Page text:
For their part in the heavy fighting of Feb. 8 – 12, the 3rd Battalion was awarded the Presidential Unit Citation. The paratroopers weren’t out of the fight yet, though. They continued to hold the line and harass the Germans.

The situation turned into one of static warfare with trenches, barbed wire, and minefields between the two sides. The paratroopers though were loath to fight a defensive battle and maintained a strong presence of patrols in their sector.

When the paratroopers found the journal of a German officer killed at Anzio, they knew their hard-charging, hard-fighting spirit had made a lasting impact on the Germans.

“American paratroopers – devils in baggy pants – are less than 100 meters from my outpost line. I can’t sleep at night; they pop up from nowhere and we never know when or how they will strike next. Seems like the black-hearted devils are everywhere…”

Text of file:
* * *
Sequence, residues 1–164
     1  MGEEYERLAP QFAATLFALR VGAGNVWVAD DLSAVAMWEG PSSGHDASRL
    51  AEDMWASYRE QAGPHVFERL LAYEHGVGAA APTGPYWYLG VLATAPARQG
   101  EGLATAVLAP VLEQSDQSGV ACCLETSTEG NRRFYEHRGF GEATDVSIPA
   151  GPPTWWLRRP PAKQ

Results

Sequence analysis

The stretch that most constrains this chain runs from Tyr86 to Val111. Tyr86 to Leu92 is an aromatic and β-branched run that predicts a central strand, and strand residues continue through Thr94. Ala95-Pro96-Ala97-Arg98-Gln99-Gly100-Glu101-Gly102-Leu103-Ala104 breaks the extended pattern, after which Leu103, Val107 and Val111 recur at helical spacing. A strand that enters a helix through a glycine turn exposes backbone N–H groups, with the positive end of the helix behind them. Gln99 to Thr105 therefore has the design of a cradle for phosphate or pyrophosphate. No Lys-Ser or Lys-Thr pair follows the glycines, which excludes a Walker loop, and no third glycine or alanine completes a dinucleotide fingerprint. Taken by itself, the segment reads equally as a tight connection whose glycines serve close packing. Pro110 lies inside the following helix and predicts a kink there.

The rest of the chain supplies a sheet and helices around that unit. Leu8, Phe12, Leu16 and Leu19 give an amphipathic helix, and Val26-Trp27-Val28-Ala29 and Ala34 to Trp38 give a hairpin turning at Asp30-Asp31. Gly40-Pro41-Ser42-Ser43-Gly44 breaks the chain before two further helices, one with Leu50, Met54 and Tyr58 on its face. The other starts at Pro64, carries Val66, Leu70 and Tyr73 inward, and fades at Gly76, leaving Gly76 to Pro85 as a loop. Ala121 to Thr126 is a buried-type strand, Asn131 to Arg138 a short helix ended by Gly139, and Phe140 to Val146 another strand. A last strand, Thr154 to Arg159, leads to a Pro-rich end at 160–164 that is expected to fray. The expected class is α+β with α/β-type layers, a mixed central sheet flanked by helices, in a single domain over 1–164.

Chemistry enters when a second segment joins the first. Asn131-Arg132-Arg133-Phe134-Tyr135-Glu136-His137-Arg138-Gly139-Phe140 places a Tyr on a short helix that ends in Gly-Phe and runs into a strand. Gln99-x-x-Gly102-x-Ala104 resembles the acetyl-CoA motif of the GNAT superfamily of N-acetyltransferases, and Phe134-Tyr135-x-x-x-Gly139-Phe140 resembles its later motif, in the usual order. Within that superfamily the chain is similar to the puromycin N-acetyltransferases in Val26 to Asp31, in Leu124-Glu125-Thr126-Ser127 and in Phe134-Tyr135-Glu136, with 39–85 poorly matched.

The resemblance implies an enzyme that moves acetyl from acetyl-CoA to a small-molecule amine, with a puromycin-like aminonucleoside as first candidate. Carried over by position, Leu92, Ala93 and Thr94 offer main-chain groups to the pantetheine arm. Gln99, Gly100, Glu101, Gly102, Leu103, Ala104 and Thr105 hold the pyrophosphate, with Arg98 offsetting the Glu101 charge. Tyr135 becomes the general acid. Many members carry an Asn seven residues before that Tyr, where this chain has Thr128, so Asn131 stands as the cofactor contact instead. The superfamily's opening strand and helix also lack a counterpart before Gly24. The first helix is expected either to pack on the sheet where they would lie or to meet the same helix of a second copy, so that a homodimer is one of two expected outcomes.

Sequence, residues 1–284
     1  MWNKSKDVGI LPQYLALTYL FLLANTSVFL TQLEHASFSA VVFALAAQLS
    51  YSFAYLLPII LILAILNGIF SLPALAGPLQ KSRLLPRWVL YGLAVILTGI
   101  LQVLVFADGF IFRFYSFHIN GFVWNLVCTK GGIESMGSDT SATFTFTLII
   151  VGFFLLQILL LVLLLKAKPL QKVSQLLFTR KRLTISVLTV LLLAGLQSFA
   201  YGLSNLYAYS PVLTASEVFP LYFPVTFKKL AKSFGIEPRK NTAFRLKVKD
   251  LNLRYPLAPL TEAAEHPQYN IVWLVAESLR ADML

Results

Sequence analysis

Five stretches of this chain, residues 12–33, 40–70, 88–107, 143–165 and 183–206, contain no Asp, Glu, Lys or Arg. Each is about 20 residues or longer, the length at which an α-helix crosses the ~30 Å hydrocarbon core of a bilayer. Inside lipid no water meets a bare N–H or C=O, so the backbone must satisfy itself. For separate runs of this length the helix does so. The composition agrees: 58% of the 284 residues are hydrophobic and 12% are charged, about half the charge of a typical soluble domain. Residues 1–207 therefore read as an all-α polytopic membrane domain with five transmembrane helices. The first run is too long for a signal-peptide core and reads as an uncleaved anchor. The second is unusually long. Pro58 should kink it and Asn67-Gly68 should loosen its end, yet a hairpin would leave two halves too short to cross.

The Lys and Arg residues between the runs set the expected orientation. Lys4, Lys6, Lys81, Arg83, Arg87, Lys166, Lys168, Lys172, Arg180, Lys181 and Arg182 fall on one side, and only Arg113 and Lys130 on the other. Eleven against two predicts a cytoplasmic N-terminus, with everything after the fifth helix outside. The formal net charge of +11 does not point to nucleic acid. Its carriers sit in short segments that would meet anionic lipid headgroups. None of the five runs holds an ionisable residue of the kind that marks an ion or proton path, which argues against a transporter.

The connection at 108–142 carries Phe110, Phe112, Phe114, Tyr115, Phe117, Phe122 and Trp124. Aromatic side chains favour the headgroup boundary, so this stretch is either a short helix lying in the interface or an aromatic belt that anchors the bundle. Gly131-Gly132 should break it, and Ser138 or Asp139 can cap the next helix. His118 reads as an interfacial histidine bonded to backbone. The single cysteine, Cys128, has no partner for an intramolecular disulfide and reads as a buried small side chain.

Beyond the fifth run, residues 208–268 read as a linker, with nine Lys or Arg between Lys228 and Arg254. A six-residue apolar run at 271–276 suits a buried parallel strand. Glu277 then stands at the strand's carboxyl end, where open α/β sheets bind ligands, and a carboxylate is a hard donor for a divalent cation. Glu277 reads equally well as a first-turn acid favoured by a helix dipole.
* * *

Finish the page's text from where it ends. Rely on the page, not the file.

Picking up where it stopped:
The baggy pants referred to the paratroopers’ uniforms, which differed greatly from the regular infantry whose pants were “straight legged.”

The men of the 504th were so enthralled with the German officer’s words that they christened themselves the Devils in Baggy Pants – a nickname they carry to this day.

The Devils in Baggy Pants would eventually be pulled off the line in Italy towards the end of March 1944. However, when they arrived in England to rejoin the 82nd Airborne Division for the jump into Normandy, they were saddened by the news. Due to the high level of casualties and insufficient replacements they would not be making the jump.

The Devils would next meet the Germans in Holland, then at the Bulge, before making it all the way to Berlin.